Police and Security: Career and Education Opportunities in Wichita, Kansas
Police and Security: Police and Security professionals work to protect people and property. Their work is aimed directly at the goals of preventing crime before it occurs, stopping it when it does, and uncovering who perpetrated it after the fact.
Wichita is located in Sedgwick County, Kansas. It has a population of over 366,046, which has grown by 6.3% over the last ten years. The cost of living index in Wichita, 78, is well below the national average. New single-family homes in Wichita cost $106,900 on average, which is far less than the state average. In 2008, 1,012 new homes were constructed in Wichita, down from 1,248 the previous year.
The three most popular industries for women in Wichita are health care, educational services, and accommodation and food services. For men, it is transportation equipment, construction, and health care. The average travel time to work is about 18 minutes. More than 25.3% of Wichita residents have a bachelor's degree, which is lower than the state average. The percentage of residents with a graduate degree, 8.1%, is lower than the state average.
The unemployment rate in Wichita is 8.8%, which is greater than Kansas's average of 6.3%.
The percentage of Wichita residents that are affiliated with a religious congregation, 46.7%, is less than both the national and state average. Mizpah Baptist Church, Christ the King Lutheran Church and Christ the King Roman Catholic Church are some of the churches located in Wichita. The largest religious groups are the Catholic Church, the Southern Baptist Convention and the United Methodist Church.
Wichita is home to the Pleasant Valley and the Wichita Plaza as well as Hyde Park and Watson Park. Shopping centers in the area include Central Heights Shopping Mall, Airpark Shopping Center and Sweetbriar Shopping Center. Visitors to Wichita can choose from Afton Motel, Hampton Inn Wichita-East and Corral Motel for temporary stays in the area.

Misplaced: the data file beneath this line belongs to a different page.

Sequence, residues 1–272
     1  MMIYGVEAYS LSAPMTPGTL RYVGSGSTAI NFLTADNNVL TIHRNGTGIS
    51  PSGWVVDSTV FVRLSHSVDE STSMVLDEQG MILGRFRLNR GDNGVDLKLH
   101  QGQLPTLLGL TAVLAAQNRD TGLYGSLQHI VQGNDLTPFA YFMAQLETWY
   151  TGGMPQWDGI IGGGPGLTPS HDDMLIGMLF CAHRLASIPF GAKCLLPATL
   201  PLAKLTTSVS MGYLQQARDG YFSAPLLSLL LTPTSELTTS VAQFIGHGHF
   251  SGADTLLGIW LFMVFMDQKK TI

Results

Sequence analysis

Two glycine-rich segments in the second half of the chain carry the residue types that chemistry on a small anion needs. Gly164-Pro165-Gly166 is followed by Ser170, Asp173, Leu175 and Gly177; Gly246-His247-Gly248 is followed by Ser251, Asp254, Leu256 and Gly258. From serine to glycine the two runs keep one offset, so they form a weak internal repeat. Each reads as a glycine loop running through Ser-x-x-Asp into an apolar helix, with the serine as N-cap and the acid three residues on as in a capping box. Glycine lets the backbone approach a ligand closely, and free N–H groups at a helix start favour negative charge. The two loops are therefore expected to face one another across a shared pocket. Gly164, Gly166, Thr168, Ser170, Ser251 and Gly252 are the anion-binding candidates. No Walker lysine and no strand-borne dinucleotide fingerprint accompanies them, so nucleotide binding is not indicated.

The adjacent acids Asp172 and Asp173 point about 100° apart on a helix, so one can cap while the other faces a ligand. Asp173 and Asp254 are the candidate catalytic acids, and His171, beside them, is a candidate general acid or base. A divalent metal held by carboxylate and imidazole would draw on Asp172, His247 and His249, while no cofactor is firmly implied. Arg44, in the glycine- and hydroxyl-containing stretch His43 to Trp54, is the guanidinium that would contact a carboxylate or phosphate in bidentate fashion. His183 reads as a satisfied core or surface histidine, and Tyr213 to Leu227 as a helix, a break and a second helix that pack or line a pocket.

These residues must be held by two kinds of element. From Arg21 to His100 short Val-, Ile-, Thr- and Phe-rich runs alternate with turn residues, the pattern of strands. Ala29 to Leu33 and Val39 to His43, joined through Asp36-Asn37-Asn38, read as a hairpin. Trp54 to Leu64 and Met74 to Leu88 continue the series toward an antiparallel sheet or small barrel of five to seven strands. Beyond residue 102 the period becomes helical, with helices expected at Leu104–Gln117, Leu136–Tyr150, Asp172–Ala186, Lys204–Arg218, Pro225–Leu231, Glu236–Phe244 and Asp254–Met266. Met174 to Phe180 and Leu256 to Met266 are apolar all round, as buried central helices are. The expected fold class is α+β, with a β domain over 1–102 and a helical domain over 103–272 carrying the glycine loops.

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CAREERS WITHIN: Police and Security
Chiefs of Police supervise and coordinate activities of members of police force. Chiefs of Police need to pay attention to ongoing situations and monitor them as they develop. They also need to listen well to others and take in their information and issues.
Criminal Investigators investigate alleged or suspected criminal violations of Federal, state, or local laws to determine if evidence is sufficient to recommend prosecution. Criminal Investigators need to evaluate and judge the efficacy of solutions. They also need to respond to the actions of other and coordinate activities with them.
Customs Inspectors investigate and inspect persons, common carriers, and merchandise, arriving in or departing from the United States or between states to detect violations of immigration and customs laws and regulations. Customs Inspectors need to listen well to others and take in their information and issues. They also need to speak clearly and communicate with others.
Police Officers conduct investigations to prevent crimes or solve criminal cases. Police Officers need to speak clearly and communicate with others. They also need to listen well to others and take in their information and issues.
Police Records Officers collect evidence at crime scenes, classify and identify fingerprints, and photograph evidence for use in criminal and civil cases. Police Records Officers need to think through complex problems and develop a critical analysis of the situation and possible solutions. They also need to evaluate and judge the efficacy of solutions.
Policemen patrol assigned areas to enforce laws and ordinances, regulate traffic, and arrest violators. Policemen need to listen well to others and take in their information and issues. They also need to think through complex problems and develop a critical analysis of the situation and possible solutions.
Private Investigators detect occurrences of unlawful acts or infractions of rules in private establishment, or seek, examine, and compile information for client. Private Investigators need to think through complex problems and develop a critical analysis of the situation and possible solutions. They also need to manage their own time and the time of others.
Security Guards guard, patrol, or monitor premises to prevent theft, violence, or infractions of rules. Security Guards need to listen well to others and take in their information and issues. They also need to speak clearly and communicate with others.
Sheriffs enforce law and order in rural or unincorporated districts or serve legal processes of courts. Sheriffs need to note the reactions and responses of others in both work and social situations. They also need to talk through and persuade others when needed.
Transportation Security Officers inspect baggage or cargo and screen passengers to detect and prevent potentially dangerous objects from being transported into secure areas or onto aircraft.